A new NANOS poll released during Medicare Week shows majority of Canadians want the federal government to provide fixed healthcare funding to the provinces that does not see-saw according to the relative strength of the economy.
Ottawa (03 Dec. 2013) - This years Medicare Week, December 2-7, finds Canadians wanting the federal government to act to defend and improve their health care system. Medicare Week takes place in the final months of the 2004-2014 Health Accord. Activists across the country, including members of the National Union of Public and General Employees (NUPGE), are using Medicare Week to highlight the need for secure federal health care to protect and improve Canada's health care system.
Harper government won't continue 10 year Health Accord - dictates funding
The Canada Health Transfer (CHT) and Canada Social Transfer (CST) negotiated in 2004 by the Paul Martin government are set to expire in March 2014. In December 2011, federal Finance Minister Jim Flaherty announced that the federal government would extend the six per cent escalator clause, part of the 2004 Health Accord, for the CHT only until the 2016-17 fiscal year. After that, until at least 2024, annual increases in the CHT will be tied to nominal GDP growth. The Ontario Department of Finance estimates that the Harper government's decision could remove as much as $36 billion in support for health care across the country.
"Canadians want the federal government to work in partnership with the provinces not dictate terms and conditions," says Clancy. "Where was the consultation and negotiations? How are the provinces health care needs and priorities reflected in this announcement?
"This is the exact opposite of what Canadians want - they've repeatedly said they want a stronger federal role and greater federal investment in health care, not less," says Clancy. "And the reality is that the federal government could afford to make a much bigger investment in health care if it stopped spending billions of dollars on corporate tax cuts, new fighter jets and federal mega-prisons.
"In addition to more investment, Canadians want the federal government to work with the provinces to fill in the gaps in the continuum of care. They want to see new programs and services in the areas of home care, long term care, prescription drug coverage (pharmacare) and mental health," said Clancy.
To help raise the issue NUPGE has initiated an online letter writing campaign on the CHT and CST. Letter writers will be entered into a draw to win $100.
NANOS poll on federal funding to health care
Also released to coincide with Medicare Week, the CHC commissioned Nanos Research to conduct a national survey. The poll found that Canadians are more likely to want the federal government to invest future budget surpluses in healthcare (45 per cent) compared to reducing the national debt (37%) or tax cuts (16%).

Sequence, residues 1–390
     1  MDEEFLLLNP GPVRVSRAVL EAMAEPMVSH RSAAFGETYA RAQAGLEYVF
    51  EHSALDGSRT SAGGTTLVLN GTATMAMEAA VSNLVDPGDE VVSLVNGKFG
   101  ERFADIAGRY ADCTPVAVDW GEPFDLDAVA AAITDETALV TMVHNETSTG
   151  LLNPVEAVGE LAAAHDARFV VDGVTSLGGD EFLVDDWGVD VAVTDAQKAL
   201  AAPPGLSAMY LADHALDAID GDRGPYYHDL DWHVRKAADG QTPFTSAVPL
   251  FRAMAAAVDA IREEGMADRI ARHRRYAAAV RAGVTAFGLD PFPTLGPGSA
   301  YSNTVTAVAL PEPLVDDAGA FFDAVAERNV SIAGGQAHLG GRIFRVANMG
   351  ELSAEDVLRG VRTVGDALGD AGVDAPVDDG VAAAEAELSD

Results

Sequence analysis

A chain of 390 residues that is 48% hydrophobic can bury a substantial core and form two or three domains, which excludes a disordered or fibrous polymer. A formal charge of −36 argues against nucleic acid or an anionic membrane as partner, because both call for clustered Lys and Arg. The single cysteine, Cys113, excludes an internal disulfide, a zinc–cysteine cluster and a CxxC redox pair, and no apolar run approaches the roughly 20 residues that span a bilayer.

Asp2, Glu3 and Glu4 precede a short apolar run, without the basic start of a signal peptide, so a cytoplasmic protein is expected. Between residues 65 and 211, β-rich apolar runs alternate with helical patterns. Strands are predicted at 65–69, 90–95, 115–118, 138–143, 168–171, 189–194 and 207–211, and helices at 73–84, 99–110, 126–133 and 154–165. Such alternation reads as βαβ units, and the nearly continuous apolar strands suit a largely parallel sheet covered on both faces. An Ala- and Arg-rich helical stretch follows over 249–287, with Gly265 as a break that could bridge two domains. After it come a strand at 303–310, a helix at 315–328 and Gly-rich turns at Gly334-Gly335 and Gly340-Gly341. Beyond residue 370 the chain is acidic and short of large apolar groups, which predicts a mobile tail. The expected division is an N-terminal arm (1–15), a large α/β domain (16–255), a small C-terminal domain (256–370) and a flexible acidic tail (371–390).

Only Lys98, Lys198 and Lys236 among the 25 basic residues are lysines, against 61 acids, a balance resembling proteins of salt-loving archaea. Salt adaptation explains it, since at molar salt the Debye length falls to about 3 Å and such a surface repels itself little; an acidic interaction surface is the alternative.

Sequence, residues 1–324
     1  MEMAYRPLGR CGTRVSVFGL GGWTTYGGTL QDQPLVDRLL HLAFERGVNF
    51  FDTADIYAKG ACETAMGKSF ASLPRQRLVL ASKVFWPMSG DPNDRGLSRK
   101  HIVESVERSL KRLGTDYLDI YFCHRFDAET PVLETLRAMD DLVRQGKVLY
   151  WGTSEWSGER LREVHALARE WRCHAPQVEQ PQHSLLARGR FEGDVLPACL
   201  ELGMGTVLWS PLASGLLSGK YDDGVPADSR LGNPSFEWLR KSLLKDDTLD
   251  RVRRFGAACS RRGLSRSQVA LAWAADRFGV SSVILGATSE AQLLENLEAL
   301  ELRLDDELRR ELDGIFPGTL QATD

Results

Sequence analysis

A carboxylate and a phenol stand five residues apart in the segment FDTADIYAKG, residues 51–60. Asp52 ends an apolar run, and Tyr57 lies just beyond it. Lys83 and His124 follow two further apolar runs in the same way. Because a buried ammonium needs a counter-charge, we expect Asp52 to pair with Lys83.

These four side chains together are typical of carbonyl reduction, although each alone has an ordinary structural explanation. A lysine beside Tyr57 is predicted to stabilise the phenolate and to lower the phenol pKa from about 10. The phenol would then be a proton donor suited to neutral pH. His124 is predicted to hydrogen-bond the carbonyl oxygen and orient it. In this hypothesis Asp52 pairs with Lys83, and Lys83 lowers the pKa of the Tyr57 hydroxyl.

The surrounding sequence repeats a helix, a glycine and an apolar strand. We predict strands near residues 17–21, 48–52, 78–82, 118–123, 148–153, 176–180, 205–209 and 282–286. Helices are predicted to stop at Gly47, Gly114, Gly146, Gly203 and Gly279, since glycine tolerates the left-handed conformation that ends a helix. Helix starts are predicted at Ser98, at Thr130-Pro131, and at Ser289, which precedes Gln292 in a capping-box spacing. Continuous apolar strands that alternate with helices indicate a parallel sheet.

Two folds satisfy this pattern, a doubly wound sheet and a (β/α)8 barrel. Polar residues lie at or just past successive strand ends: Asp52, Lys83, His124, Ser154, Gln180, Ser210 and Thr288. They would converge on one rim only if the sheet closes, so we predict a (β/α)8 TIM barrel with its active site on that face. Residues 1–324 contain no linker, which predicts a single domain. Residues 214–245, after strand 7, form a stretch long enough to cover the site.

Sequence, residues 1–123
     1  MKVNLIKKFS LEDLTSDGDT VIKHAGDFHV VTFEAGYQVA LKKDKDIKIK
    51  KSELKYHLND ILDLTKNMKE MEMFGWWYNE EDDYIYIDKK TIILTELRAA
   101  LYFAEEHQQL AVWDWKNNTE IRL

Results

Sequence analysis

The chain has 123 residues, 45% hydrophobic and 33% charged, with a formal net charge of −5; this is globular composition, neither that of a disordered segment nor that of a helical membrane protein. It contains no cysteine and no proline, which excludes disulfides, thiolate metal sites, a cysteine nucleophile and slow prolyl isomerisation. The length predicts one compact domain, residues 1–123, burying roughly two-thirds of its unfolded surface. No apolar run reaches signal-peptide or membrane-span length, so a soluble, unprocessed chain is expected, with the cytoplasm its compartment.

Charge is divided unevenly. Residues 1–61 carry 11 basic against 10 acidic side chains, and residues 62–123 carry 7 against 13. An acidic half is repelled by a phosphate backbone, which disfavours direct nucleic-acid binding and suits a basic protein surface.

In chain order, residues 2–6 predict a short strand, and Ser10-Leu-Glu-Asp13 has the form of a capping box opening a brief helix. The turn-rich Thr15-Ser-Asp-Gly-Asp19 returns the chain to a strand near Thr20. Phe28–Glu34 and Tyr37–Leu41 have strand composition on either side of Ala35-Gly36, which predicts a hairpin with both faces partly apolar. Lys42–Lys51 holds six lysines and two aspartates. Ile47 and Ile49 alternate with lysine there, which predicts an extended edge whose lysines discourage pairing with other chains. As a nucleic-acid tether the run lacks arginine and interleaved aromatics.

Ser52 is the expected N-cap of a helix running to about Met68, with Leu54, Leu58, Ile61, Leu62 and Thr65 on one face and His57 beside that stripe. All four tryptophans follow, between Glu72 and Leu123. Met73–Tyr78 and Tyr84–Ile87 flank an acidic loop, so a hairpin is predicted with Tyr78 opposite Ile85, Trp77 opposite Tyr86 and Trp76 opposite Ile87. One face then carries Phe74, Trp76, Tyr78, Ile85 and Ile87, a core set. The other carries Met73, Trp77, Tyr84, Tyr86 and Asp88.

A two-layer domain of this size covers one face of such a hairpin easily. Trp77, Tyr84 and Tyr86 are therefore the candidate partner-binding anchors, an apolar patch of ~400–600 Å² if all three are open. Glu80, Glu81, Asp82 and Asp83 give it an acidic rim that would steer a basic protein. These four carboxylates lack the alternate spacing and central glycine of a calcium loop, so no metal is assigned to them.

The Nanos survey also shows that the majority of Canadians want the federal government to provide fixed healthcare funding to the provinces that does not see-saw according to the relative strength of the economy. When offered a choice between federal healthcare funding that fluctuates according to the health of the economy, and federal funding that provides a fixed share to the provinces to meet the needs of their residents, 65 per cent of respondents chose the latter.
"It is time for the federal government to step up, provide fixed funding and help meet the urgent healthcare needs of an aging population, people with physical and mental challenges, and children and young adults with special need," said Mike McBane, CHC National Coordinator.
Canadians want improved services for seniors - willing to pay for it
The same survey also shows that more than four out of ten Canadians are worried about being able to afford or have access to healthcare as a senior. Furthermore, more than six in ten are open to paying higher taxes if it meant homecare costs or drug costs would be covered.
"Canadians are ready for some common sense from the federal government when it comes to funding healthcare," said Mr. McBane. "The need for senior and continuing care services is increasing so we need a federal seniors care plan not the federal cuts to health transfers announced by the Harper government."
A national Nanos RDD Omni Crowdsource random survey of 1,000 Canadians was conducted between November 19th and 24th, 2013. Participants were randomly recruited by telephone and administered a survey online. The sample included both land- and cell-lines across Canada. The results were statistically checked and weighted using the latest Census data. The margin of error for a random survey of 1,000 Canadians is ±3.1 percentage points, 19 times out of 20.
All Together Now! letter writing campaign
The National Union of Public and General Employees (NUPGE) is one of Canada's largest labour organizations with over 340,000 members. Our mission is to improve the lives of working families and to build a stronger Canada by ensuring our common wealth is used for the common good. NUPGE